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The Shawnee Brothers Who Defied a Nation

by Peter Cozzens

Pub Date: Oct. 27th, 2020
ISBN: 978-1-5247-3325-4
Publisher: Knopf

A comprehensive biography of the noted Native American leader and his overlooked brother.

William Henry Harrison, whose forces defeated Tecumseh at the Battle of Tippecanoe, held his opponent in such high esteem that he said, “If it were not for the vicinity of the United States, he would, perhaps, be the founder of an empire that would rival in glory that of Mexico or Peru.” As it was, writes historian Cozzens, Tecumseh forged a powerful alliance of Native peoples in the area from Wisconsin to Ohio that attempted to contain white expansion into the region. Tecumseh took many of his “pan-Indian” cues from the Ottawa war leader Pontiac and the Delaware prophet Neolin, both of whom led resistances against British incursions a generation before him. Important in this struggle was Tecumseh’s younger brother Tenskwatawa, called the “Shawnee prophet,” whom some historians—Cozzens calls out Alvin Josephy, author of The Patriot Chiefs (1961) and other works—have depicted as a “delusional charlatan.” Surely Tenskwatawa had his difficulties: He lived in his brother’s shadow, and he battled alcoholism. Yet the accomplishments of the brothers in uniting sometimes-contending Native tribes into a formidable army were the makings of a legend. It was their misfortune that the Shawnee people inhabited the “fault line between French and British interests, and as such was fated to become an imperial battleground.” Matters would grow worse with the War of 1812, when Tecumseh found an imperial ally in Britain but was killed on a battlefield in Canada—for which Harrison took undue credit. For various reasons, writes Cozzens, in the aftermath, Tenskwatawa “had fallen mightily in the fragmented Indian world that he and Tecumseh had striven to unite,” and after unsuccessful attempts to negotiate reservation land in the East, he ended his days in a small settlement of refugees that became known as Shawnee Mission, Kansas.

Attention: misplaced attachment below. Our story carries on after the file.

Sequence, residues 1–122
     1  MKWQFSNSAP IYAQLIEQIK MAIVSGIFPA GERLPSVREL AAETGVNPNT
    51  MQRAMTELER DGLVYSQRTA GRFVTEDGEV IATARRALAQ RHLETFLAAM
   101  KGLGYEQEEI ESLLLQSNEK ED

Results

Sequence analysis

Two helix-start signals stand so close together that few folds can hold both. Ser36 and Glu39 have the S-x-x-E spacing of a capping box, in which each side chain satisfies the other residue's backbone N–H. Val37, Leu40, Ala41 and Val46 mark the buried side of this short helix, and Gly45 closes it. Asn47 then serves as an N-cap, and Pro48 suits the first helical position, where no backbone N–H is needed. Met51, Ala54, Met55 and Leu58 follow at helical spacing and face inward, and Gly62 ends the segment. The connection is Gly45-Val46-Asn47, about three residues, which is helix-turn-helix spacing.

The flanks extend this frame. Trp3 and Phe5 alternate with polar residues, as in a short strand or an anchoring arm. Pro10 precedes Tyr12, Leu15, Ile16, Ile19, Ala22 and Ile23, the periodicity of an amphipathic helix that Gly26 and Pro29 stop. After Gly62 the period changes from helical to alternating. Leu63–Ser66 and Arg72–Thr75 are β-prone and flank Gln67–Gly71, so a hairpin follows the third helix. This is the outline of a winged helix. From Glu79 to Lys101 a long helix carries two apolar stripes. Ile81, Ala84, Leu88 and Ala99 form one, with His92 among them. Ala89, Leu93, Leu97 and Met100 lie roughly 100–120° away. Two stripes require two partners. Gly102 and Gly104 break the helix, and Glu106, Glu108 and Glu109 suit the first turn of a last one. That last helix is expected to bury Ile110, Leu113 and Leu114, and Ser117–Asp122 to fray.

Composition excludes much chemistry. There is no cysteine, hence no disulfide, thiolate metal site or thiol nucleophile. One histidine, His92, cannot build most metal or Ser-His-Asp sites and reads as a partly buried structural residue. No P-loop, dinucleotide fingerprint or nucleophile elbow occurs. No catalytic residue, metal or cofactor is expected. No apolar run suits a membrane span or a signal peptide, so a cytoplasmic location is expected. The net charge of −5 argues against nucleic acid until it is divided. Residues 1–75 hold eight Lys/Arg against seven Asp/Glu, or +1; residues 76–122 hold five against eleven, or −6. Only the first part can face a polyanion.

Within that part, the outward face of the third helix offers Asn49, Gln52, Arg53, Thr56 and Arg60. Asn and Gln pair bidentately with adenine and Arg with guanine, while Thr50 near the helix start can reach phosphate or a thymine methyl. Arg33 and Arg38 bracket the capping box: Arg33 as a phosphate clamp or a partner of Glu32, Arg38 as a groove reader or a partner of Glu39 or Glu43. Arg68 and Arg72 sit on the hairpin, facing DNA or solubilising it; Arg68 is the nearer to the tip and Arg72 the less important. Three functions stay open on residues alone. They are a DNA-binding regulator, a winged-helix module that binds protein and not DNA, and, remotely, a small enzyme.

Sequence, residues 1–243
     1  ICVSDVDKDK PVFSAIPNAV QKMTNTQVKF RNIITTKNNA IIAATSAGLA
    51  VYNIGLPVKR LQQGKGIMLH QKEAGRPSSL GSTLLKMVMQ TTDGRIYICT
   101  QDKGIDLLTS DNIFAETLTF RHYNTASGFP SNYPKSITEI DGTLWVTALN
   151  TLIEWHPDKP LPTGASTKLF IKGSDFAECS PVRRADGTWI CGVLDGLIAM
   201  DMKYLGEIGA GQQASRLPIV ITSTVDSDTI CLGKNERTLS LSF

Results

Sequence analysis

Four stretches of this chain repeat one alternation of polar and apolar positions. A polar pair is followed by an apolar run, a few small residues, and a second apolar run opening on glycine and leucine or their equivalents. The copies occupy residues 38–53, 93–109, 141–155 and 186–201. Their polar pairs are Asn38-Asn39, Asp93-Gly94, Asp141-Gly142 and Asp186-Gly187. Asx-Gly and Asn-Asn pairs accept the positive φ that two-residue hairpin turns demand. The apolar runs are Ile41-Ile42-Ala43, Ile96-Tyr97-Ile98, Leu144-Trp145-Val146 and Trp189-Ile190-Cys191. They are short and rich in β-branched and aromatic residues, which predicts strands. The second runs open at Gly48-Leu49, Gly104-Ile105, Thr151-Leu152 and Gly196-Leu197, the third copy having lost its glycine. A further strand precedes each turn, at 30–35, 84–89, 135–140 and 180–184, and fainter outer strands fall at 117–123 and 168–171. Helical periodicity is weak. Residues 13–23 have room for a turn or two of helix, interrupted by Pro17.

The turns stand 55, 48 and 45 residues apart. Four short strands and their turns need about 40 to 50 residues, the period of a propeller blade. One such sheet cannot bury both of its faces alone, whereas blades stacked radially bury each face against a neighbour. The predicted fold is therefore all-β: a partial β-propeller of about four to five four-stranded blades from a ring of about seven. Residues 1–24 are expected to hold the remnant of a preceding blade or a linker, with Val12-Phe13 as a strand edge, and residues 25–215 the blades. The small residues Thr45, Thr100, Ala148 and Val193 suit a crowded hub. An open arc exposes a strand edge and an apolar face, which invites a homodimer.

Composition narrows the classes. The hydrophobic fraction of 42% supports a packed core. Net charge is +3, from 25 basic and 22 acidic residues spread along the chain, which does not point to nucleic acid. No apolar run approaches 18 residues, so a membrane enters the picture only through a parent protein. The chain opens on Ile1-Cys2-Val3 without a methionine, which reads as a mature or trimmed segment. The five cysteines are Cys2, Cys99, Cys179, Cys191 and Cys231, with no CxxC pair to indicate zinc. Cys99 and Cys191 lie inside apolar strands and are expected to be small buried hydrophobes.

Blending historical fact with solid storytelling, Cozzens delivers a nuanced study of the great warrior and his times.

(16 pages of color illustrations, 13 maps)